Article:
Premier League red card rate is lowest in Europe – has the top flight gone soft?
The Weekend Dossier
More than half the clubs in the Premier League are foreign-owned and two-thirds of the players are from overseas, but one element of the drama remains resolutely English: the referees.
What difference does that make? It affects the very nature of the game we watch. This season there have been 38 red cards in the Premier League from 327 matches, which equates to a red card shown every 8.6 matches. In the other four major European leagues red cards are much more prevalent, in some cases massively so. In Spain a tarjeta roja is shown every 2.6 matches.
How can this be? The 17 laws are the same whatever the translation. Maybe our players are simply better behaved and more disciplined than those overseas. That is the view of the referees' organisation, PGMOL. This season the total of red cards is shaping up to be the lowest since 1996-97, when 44 were awarded. In the intervening 16 seasons there have always been at least 50 reds, with a high of 76 seven seasons ago.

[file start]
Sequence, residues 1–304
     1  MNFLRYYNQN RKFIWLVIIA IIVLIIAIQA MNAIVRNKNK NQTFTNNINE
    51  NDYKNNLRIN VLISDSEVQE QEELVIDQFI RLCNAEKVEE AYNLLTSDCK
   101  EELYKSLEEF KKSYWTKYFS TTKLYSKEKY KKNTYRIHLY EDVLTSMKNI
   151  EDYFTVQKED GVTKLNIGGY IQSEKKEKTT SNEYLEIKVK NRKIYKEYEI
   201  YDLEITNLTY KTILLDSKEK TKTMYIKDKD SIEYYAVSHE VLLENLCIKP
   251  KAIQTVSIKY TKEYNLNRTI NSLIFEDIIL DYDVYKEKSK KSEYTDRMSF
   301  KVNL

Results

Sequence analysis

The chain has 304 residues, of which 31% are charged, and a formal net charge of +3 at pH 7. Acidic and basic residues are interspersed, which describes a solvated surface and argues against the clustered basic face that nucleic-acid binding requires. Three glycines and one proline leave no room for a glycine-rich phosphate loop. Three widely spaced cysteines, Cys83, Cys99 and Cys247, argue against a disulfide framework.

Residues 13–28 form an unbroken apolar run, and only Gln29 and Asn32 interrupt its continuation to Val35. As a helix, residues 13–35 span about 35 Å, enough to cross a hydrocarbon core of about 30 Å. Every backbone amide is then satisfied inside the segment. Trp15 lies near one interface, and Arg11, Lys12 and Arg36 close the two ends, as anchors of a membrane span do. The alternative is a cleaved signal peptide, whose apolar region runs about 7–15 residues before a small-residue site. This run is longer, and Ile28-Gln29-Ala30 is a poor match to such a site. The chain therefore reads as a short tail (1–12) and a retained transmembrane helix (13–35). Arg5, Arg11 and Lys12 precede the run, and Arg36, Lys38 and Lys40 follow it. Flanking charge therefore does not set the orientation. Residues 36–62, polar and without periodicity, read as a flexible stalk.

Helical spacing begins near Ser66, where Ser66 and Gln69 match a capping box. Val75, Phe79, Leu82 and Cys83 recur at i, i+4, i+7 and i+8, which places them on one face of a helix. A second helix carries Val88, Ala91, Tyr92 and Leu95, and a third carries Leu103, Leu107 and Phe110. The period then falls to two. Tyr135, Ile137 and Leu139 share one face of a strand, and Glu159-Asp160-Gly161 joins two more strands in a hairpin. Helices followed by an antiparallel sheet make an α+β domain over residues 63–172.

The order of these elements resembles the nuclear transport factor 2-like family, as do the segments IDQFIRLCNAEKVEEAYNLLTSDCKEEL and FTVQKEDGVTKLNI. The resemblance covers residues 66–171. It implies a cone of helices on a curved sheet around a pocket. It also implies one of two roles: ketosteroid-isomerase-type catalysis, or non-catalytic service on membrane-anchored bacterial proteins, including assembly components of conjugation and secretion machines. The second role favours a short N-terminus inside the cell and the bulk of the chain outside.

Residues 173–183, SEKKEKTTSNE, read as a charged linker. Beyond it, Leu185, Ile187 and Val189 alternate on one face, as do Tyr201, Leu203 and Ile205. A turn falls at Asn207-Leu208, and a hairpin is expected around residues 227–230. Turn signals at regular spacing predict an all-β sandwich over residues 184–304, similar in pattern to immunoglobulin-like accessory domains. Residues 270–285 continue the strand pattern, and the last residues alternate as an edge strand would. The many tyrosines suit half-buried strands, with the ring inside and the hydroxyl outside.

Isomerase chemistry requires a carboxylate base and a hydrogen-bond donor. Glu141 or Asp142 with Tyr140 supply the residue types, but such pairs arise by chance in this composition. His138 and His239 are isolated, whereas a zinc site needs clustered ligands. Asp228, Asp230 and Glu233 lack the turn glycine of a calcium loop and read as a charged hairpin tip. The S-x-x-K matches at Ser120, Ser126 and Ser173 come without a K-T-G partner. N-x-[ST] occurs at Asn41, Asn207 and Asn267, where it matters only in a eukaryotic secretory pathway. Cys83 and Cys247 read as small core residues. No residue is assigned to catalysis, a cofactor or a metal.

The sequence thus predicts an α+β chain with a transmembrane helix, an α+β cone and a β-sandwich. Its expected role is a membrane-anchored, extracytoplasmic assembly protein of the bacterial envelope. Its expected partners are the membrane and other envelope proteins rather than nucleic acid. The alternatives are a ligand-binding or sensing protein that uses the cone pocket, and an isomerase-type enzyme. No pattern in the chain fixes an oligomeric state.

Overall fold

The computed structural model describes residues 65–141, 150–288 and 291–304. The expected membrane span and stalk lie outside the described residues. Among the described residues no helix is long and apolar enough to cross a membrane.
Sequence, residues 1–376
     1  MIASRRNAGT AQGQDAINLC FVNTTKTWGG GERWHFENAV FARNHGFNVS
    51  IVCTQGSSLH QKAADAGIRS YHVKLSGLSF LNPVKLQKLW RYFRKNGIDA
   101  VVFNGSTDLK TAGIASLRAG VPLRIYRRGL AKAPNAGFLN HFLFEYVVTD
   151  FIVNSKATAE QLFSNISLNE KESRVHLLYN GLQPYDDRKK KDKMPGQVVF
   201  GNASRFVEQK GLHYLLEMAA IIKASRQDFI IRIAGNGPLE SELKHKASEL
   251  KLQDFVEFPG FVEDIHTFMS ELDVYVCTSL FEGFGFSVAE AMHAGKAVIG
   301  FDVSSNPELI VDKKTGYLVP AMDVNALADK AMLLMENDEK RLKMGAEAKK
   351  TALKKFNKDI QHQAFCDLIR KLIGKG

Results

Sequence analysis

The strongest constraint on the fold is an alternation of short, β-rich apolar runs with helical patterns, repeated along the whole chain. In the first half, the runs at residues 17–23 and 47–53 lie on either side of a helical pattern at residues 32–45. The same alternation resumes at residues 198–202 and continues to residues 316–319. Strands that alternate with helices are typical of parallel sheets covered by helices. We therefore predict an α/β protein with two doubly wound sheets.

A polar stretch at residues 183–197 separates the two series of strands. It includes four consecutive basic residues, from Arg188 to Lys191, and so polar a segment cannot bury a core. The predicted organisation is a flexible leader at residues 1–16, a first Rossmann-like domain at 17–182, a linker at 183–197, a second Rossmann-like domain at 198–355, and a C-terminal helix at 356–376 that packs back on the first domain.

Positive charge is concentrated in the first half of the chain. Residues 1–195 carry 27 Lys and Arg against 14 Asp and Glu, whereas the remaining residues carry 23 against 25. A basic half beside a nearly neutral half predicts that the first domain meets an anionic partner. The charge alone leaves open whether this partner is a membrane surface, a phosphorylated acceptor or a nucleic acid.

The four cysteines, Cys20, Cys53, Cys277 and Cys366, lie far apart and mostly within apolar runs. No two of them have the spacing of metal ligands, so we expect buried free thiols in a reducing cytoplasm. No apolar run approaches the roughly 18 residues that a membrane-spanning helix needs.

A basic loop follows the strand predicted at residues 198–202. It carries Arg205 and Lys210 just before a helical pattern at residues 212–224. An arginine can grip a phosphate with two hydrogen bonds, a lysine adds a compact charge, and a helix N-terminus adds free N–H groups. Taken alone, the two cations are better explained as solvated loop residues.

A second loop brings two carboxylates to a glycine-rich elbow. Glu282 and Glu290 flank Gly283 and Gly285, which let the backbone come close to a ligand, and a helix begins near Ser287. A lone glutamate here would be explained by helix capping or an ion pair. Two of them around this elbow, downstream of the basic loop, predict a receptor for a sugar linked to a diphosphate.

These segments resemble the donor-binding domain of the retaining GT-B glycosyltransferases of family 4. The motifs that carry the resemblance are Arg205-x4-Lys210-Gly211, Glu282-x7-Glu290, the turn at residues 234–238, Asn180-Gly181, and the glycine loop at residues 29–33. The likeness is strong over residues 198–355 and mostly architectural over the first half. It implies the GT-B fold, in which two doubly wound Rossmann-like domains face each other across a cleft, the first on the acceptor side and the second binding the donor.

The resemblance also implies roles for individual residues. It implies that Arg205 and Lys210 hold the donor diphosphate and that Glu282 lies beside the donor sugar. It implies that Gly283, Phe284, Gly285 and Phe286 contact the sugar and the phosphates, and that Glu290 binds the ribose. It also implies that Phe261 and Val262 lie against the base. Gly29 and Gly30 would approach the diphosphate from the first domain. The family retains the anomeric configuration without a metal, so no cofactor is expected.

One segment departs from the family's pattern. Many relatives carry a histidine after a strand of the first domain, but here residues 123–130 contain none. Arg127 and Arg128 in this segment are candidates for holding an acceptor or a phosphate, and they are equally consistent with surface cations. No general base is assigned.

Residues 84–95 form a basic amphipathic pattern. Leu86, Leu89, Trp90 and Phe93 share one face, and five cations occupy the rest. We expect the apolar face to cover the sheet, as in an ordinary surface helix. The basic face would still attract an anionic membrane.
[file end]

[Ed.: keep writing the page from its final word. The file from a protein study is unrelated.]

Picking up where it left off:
The main cause, argues PGMOL, is fewer dismissals for a second yellow card. Players, aware of the need to keep 11 on the pitch in such an intensely competitive league are being much more careful. The statistics bear this interpretation out. This season only 10 players have been dismissed for two bookings, just over a quarter of the total. As recently as three years ago 60 per cent of dismissals (41) were for two cautions.
A key reason for this, said Mike Riley, PGMOL general manager, in a statement to The Independent, is better liaison between players, managers and officials. "The Select Group refs go in to clubs twice a season; it used to be once but this season we introduced a second one where referees take a training session and they have time away from the pitch to talk with the players about law and decision making. There's the pre-season managers' meeting, the exchange of team sheet between the officials, captains and managers before every match. We also have quarterly meetings with the PFA and the LMA [League Managers' Association], so there's constant dialogue going on. It's not a coincidence that things are improving."